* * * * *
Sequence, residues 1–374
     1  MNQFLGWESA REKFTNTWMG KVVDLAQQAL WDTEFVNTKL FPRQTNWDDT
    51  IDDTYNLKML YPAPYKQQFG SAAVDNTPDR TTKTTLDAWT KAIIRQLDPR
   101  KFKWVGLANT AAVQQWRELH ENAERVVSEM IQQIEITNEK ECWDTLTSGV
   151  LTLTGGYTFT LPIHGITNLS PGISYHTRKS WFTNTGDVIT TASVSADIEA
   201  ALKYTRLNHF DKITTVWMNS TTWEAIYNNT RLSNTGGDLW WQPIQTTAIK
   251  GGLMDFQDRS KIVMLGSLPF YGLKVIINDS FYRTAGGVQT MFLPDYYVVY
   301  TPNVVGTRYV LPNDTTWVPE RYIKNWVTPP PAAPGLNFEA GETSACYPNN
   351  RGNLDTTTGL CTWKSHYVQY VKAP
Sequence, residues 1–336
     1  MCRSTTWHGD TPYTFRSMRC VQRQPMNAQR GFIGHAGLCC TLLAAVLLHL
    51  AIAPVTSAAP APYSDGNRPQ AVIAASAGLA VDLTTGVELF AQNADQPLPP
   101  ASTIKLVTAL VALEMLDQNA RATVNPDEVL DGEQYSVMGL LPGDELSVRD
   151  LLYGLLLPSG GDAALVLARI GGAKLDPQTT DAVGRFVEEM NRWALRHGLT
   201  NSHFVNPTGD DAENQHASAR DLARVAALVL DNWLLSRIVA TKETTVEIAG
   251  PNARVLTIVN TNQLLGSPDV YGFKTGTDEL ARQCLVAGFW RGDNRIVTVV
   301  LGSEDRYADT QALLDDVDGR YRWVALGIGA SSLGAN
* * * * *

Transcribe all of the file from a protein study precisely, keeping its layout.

Sequence, residues 1–374
     1  MNQFLGWESA REKFTNTWMG KVVDLAQQAL WDTEFVNTKL FPRQTNWDDT
    51  IDDTYNLKML YPAPYKQQFG SAAVDNTPDR TTKTTLDAWT KAIIRQLDPR
   101  KFKWVGLANT AAVQQWRELH ENAERVVSEM IQQIEITNEK ECWDTLTSGV
   151  LTLTGGYTFT LPIHGITNLS PGISYHTRKS WFTNTGDVIT TASVSADIEA
   201  ALKYTRLNHF DKITTVWMNS TTWEAIYNNT RLSNTGGDLW WQPIQTTAIK
   251  GGLMDFQDRS KIVMLGSLPF YGLKVIINDS FYRTAGGVQT MFLPDYYVVY
   301  TPNVVGTRYV LPNDTTWVPE RYIKNWVTPP PAAPGLNFEA GETSACYPNN
   351  RGNLDTTTGL CTWKSHYVQY VKAP
Sequence, residues 1–336
     1  MCRSTTWHGD TPYTFRSMRC VQRQPMNAQR GFIGHAGLCC TLLAAVLLHL
    51  AIAPVTSAAP APYSDGNRPQ AVIAASAGLA VDLTTGVELF AQNADQPLPP
   101  ASTIKLVTAL VALEMLDQNA RATVNPDEVL DGEQYSVMGL LPGDELSVRD
   151  LLYGLLLPSG GDAALVLARI GGAKLDPQTT DAVGRFVEEM NRWALRHGLT
   201  NSHFVNPTGD DAENQHASAR DLARVAALVL DNWLLSRIVA TKETTVEIAG
   251  PNARVLTIVN TNQLLGSPDV YGFKTGTDEL ARQCLVAGFW RGDNRIVTVV
   301  LGSEDRYADT QALLDDVDGR YRWVALGIGA SSLGAN